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Dr. Gaurav Bansal

MBBS, MS - General Surgery, FIAGES - Minimal Access Surgery, Fellowship in Advanced Minimally Invasive and Robotic Surgery.

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Abdominal Wall (Ventral) Hernia Surgery

What is a ventral hernia?

A ventral hernia is a bulge of tissues through an opening of weakness within your abdominal wall muscles. It can occur at any location on your abdominal wall.

Abdominal Wall Hernia:-

Risk factors

What are the risk factors of a ventral hernia?

What are the causes of a ventral hernia?

Incisional hernias may occur in up to 30 percent of those who’ve had an abdominal surgery. Most occur at the site of a surgical scar. The scar tissue weakens or thins, allowing a bulge to form in the abdomen. This bulge is tissue or organs pushing against the abdominal wall.

What are the symptoms of this condition?

How is a ventral hernia diagnosed?

What treatment options are available?

Ventral hernias require surgical correction.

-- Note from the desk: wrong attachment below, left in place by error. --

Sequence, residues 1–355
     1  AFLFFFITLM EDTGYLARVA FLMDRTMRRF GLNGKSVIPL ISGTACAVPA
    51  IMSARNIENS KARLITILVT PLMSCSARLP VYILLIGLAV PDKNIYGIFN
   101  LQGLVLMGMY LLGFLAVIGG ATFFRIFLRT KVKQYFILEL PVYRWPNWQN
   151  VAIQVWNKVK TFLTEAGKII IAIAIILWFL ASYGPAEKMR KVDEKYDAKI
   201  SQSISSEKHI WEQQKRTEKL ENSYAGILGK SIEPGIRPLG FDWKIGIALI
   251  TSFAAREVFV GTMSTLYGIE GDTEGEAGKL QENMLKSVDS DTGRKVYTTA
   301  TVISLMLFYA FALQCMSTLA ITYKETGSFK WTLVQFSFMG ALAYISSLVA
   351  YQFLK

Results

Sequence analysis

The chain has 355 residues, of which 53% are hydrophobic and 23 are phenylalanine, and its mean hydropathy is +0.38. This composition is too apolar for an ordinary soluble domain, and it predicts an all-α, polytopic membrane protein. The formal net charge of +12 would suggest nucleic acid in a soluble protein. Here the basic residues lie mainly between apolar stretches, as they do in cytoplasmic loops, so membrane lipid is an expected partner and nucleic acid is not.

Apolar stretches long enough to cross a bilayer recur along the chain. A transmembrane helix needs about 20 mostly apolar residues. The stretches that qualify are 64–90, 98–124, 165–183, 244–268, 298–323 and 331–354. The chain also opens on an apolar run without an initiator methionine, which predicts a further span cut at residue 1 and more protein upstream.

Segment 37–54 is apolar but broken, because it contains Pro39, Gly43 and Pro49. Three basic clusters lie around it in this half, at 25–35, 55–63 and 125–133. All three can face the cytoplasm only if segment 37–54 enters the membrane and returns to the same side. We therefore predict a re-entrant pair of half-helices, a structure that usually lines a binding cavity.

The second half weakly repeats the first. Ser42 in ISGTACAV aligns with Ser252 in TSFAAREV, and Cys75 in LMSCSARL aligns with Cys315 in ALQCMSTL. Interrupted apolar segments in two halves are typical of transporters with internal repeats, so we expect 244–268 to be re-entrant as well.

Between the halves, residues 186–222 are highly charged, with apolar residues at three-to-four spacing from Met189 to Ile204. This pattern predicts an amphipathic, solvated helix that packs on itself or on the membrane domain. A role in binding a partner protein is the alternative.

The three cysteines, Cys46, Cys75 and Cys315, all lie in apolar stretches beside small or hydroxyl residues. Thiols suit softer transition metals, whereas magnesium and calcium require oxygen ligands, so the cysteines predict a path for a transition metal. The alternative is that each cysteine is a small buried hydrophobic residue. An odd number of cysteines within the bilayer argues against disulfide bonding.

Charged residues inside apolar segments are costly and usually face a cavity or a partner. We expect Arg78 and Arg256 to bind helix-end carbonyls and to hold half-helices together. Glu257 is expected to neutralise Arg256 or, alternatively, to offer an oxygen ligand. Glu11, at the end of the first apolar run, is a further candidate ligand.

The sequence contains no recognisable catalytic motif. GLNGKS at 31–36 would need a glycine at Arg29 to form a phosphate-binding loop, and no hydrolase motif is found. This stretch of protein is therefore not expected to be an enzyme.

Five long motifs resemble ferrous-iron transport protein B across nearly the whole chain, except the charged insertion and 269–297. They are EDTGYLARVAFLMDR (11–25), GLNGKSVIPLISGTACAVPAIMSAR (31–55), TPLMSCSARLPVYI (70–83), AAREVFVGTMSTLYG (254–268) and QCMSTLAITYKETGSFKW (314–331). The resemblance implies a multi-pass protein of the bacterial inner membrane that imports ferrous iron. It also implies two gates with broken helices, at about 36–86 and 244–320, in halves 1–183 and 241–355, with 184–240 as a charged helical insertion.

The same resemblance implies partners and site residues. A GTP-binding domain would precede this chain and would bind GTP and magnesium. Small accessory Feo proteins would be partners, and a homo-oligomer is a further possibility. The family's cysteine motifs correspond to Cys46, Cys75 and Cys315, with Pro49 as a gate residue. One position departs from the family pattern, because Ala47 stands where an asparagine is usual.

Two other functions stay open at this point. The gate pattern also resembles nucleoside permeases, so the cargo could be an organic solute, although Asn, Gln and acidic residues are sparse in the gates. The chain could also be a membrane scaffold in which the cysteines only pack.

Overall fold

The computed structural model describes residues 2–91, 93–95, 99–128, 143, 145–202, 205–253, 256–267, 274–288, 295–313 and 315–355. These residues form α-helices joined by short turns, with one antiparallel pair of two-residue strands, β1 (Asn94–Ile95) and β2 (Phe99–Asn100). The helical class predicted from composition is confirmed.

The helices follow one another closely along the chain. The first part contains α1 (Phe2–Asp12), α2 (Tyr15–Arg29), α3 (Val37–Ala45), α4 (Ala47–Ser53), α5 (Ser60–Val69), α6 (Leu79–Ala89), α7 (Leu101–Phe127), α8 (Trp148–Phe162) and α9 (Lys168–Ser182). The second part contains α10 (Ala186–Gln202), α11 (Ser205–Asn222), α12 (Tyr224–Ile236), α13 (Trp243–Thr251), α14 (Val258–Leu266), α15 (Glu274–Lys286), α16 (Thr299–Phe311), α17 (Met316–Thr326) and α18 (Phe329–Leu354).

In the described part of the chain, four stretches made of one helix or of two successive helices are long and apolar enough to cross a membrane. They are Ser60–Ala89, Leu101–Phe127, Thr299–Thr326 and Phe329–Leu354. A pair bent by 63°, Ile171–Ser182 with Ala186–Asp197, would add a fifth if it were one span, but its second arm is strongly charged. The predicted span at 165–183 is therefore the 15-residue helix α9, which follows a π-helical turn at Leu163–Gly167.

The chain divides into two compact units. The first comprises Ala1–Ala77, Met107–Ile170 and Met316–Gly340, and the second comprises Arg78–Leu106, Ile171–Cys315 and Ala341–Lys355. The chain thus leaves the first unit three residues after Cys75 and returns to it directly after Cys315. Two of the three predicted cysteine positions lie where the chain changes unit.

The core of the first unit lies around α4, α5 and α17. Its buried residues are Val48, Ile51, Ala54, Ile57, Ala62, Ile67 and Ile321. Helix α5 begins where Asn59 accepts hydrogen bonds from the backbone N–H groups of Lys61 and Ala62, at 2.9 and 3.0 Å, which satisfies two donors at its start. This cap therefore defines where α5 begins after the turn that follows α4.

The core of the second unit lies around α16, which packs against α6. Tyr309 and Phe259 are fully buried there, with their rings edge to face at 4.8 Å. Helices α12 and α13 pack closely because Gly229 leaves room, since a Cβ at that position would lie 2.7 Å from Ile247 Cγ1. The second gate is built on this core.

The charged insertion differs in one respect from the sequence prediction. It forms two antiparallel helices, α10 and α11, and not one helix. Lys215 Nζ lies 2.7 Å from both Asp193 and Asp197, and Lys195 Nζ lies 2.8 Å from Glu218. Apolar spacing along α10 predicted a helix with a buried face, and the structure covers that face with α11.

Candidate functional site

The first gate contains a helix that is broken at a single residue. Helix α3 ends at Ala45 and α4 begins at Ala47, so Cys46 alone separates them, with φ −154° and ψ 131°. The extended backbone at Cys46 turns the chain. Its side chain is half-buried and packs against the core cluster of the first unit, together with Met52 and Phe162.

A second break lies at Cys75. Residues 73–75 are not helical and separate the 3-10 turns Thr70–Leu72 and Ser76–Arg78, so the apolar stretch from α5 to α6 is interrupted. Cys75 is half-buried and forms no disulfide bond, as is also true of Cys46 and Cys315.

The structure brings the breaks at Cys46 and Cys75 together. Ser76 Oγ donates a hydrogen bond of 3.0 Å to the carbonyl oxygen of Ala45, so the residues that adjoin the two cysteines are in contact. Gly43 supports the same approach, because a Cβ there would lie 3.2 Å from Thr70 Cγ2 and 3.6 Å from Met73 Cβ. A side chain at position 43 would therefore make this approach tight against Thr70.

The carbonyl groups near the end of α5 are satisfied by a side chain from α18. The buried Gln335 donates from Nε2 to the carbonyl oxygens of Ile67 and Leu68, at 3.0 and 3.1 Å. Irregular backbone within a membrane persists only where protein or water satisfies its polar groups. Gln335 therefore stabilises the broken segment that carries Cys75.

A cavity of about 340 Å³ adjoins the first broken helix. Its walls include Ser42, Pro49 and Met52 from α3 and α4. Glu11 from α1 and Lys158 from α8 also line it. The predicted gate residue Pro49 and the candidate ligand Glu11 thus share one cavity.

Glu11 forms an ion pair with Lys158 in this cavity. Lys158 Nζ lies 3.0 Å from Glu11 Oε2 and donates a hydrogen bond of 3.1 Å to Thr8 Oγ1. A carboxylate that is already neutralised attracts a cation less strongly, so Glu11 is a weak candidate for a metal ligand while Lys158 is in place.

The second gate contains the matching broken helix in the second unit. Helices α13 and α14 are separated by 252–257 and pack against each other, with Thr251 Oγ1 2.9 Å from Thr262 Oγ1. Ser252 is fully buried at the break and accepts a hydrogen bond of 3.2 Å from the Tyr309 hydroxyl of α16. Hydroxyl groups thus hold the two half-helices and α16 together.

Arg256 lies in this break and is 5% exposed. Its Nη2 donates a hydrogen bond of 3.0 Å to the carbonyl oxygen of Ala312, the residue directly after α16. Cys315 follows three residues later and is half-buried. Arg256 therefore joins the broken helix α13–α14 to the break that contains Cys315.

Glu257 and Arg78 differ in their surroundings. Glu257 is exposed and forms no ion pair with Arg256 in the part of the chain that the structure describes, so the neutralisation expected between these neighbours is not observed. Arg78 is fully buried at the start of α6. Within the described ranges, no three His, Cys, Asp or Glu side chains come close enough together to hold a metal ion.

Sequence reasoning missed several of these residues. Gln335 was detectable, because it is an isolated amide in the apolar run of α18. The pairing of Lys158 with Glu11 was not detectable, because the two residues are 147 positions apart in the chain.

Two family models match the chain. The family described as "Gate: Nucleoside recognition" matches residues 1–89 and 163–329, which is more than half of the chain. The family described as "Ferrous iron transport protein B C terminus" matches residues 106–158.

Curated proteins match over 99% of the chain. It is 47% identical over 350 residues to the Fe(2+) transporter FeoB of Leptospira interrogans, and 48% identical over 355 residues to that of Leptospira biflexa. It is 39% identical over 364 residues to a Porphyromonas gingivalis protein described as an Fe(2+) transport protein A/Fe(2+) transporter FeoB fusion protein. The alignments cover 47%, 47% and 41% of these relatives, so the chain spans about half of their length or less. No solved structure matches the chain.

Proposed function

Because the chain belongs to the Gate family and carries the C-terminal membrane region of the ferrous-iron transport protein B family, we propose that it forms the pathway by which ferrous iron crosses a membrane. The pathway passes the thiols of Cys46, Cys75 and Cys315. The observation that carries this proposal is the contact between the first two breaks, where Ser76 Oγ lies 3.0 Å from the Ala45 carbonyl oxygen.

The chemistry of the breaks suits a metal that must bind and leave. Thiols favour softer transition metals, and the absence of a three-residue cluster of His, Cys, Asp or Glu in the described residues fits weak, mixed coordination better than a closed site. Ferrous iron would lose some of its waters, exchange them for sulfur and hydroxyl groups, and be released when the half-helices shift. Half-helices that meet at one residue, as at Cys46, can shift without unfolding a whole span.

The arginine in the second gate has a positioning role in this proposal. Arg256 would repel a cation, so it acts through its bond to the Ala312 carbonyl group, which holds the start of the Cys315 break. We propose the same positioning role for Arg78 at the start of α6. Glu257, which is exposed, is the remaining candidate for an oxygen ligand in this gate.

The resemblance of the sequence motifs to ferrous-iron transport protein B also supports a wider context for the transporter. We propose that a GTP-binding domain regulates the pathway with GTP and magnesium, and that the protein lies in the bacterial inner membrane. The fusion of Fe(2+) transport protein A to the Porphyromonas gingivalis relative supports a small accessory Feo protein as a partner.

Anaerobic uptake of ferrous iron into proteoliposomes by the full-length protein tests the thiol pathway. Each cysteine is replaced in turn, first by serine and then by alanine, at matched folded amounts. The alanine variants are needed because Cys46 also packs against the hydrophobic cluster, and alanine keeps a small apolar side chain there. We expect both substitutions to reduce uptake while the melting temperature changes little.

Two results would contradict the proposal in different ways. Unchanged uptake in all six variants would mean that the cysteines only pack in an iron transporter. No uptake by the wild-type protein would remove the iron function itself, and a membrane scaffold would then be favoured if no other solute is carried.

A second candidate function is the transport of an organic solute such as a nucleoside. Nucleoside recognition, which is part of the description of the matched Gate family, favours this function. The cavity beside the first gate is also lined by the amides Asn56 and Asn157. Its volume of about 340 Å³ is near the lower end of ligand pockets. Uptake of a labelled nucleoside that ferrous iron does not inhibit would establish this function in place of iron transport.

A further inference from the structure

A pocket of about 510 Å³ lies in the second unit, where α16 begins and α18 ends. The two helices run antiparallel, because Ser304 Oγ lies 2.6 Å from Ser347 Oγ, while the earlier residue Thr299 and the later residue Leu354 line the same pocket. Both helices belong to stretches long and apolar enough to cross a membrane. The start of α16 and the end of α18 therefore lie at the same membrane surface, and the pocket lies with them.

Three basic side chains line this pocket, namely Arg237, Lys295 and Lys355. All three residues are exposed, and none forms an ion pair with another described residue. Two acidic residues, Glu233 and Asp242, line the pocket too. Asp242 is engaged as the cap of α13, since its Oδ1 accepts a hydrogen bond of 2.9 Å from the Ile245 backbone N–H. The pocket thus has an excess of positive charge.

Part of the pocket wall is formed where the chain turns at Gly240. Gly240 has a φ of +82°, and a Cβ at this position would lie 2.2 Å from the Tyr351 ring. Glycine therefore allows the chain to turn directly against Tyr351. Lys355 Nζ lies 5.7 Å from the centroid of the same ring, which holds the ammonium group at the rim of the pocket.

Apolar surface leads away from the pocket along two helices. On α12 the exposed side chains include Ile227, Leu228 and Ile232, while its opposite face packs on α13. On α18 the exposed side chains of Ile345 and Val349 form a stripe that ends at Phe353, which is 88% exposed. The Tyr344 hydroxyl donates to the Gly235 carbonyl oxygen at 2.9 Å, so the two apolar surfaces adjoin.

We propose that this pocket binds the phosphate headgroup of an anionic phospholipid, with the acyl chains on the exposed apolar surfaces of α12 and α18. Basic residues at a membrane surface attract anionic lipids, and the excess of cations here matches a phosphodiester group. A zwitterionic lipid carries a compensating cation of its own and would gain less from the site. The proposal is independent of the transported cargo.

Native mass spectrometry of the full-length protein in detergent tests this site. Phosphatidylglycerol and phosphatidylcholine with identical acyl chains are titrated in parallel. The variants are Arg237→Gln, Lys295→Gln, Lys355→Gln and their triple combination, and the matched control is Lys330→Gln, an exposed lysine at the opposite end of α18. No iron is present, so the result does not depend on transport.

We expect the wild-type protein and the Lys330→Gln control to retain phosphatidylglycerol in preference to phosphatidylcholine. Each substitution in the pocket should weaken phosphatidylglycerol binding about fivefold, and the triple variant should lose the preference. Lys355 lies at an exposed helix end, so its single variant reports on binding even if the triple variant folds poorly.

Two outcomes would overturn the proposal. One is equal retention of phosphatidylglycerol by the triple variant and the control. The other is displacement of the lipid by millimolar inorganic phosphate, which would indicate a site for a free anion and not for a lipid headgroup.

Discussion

If left untreated, they continue to grow slowly until they are able to cause serious complications.

Untreated hernias can grow into enlarged ventral hernias that become progressively more difficult to fix.

Swelling can lead to trapping of hernia contents, a process called incarceration. This in turn can lead to reduced or no blood supply to the tissues involved, which is referred to as strangulation.

Options for surgical treatment include:

Benefits of laparoscopic removal include the following:

These are a few concerns about open surgery:


Are there complications?

Massive ventral hernias are difficult to fix

The outlook is generally very good after a surgery with no complications. You may need to rest for a few weeks before resuming daily activities, avoiding any heavy lifting or straining to the abdominal area.

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